Stravinsky’s Lunch, by Drusilla Modjeska.
Stravinsky’s Lunch: Two Women Painters and the Claims of Life and Art, by Drusilla Modjeska. Farrar, Straus and Giroux (2000). 384 pages.
The biographies of two Australian painters depicted with insight into the tensions which women faced in the mid-twentieth century between devotion to their art and their relationships.
Drusilla Modjeska is significant Australian writer (although born in England); one who challenges traditional practices and assumptions. Always probing and insightful, she has written both fiction and non-fiction and sometimes explores the line between them. Her Exiles in Their Own Land looked at the wave of Australian women authors and the conditions that fostered and shaped their writing between World Wars I and II. (See my review.) Stravinsky’s Lunch extends that project to consider two very different women painters from approximately the same period.
Shelia Bowen was born in Australia, but left there to study art in Europe as a young woman shortly before World War I broke out. She was the long-time mistress of Ford Maddox Ford, a man devoted to himself and his own writing, but supportive of her painting. Together they had a daughter. Their eventual separation led to what Modjeska sees as her definition as an painter struggling to support herself and her daughter as war broke out again. Bowen’s autobiography and lots of letters give the author plenty of evidence of her view of herself and those around her. In contrast, Grace Cossington Smith lived her whole life in a suburb of Sydney, saying little about her thoughts, but also defining herself with her painting. Relatively unrecognized most of her long life, she brought European Modernism into her works, adapting it to her own environment. Modjeska finds her single life to have its own style of fulfillment. In struggling to understand Smith, Modjeska balances her account on the edge, fictionalizing her life.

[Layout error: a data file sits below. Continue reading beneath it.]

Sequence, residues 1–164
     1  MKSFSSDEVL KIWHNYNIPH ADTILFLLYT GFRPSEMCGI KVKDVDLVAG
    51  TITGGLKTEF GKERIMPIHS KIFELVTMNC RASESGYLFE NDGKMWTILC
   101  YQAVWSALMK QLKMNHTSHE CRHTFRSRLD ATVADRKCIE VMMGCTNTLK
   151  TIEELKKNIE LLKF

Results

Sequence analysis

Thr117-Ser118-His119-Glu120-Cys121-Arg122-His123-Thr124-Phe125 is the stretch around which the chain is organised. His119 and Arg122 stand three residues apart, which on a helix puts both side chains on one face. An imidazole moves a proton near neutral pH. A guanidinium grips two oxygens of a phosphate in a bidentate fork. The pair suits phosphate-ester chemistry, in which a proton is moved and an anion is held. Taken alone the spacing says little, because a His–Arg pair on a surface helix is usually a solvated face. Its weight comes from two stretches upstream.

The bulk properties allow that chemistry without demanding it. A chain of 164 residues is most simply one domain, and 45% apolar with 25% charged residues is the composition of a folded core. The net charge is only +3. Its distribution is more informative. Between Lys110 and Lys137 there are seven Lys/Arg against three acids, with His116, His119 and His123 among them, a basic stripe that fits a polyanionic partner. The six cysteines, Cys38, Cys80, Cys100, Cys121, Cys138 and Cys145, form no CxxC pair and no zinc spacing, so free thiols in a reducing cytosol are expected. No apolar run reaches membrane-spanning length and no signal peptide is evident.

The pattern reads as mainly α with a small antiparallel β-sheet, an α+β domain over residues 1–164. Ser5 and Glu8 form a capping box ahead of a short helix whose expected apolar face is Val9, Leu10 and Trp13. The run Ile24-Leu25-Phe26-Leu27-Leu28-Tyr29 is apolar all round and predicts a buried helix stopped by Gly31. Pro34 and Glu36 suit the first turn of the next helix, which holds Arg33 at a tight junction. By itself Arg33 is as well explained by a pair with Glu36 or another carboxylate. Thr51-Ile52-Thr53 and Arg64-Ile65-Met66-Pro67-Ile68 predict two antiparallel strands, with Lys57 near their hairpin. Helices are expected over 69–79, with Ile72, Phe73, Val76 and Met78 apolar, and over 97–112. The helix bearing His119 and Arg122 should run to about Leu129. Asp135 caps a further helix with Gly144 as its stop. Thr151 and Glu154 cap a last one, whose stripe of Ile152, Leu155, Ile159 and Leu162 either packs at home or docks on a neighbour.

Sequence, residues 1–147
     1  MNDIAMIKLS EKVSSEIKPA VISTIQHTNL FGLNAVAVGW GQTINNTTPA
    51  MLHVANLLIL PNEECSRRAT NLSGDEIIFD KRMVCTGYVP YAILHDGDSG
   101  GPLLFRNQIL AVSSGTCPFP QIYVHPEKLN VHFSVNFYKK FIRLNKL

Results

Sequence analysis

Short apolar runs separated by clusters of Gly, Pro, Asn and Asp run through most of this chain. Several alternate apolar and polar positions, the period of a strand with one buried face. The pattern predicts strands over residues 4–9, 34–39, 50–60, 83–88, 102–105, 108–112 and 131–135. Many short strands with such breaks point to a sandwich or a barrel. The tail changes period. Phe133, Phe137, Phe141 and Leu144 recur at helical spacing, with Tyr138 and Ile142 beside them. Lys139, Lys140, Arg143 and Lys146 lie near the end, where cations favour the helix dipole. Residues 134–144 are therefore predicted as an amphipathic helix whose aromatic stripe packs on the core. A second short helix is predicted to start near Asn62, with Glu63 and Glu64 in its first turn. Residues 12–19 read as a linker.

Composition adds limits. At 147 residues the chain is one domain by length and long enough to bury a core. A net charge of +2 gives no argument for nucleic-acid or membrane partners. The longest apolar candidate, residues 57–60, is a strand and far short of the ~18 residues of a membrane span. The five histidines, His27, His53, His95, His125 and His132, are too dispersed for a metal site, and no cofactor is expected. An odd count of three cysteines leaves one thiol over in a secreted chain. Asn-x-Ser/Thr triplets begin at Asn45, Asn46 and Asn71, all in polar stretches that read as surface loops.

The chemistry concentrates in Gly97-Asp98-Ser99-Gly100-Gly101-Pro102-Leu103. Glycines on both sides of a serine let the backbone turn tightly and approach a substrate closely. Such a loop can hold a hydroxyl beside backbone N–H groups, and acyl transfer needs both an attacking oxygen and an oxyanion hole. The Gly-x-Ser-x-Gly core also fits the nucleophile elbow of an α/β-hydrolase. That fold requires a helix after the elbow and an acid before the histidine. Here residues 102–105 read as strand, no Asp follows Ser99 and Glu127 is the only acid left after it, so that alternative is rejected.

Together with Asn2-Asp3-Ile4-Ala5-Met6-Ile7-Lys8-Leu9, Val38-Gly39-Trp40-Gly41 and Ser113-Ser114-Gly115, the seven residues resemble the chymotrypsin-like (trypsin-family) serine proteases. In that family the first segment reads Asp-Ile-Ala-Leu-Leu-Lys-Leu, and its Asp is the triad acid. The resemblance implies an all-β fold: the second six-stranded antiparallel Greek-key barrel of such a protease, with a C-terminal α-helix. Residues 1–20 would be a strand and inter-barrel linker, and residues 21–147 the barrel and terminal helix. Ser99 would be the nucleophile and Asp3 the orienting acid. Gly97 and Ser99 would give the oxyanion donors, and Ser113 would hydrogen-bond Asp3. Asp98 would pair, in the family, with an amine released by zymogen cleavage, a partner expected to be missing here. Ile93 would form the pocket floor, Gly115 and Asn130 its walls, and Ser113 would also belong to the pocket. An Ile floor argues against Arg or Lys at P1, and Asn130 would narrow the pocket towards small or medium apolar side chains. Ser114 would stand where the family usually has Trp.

To establish conflicts in both women’s lives, Modjeska uses the account of how Stravinsky demanded that his family remain absolute quiet at lunch so that he could remain focused on his musical compositions. For her the story symbolizes the assumption that Art demanded one’s full attention and had to prevail over all other demands of life. She explains that such a viewpoint separates art from life and life from art and an assumption that works against women being taken seriously as artists. In discussing Bowen and Smith, she points to attempts to move beyond that dualism in their art and their lives. She writes about particular paintings by each with the depth of an art critic. In doing so, she brings us inside the very different women and shows how both expanded the use of Modernism in their art, at the same time remaining true to themselves. The book includes many fine reproductions, in both color and black-and-white, allowing readers to follow what she says.
Modjeska is an expert at writing about the complexity and contradictions of ideas and images. She writes with clarity about maleness and femaleness at the same time she sees the need to move beyond dualisms. As we begin a new century, we can observe that on one hand, some explicitly womanly art is being created. At the same time, definitions of maleness and femaleness have lost their strictness. While gender analysis is useful in such analysis, these assumptions no longer hold the same power that they once did over all of us. As Modjeska recognizes, gender definitions are never as unchanging as they seem.
I highly recommend this book for readers who care about women’s biographies, about art, and about how woman struggle with assumptions that define success outside the home as male.
Drusilla Modjeska is a favorite author of mine. See my reviews of other books of her that I have read.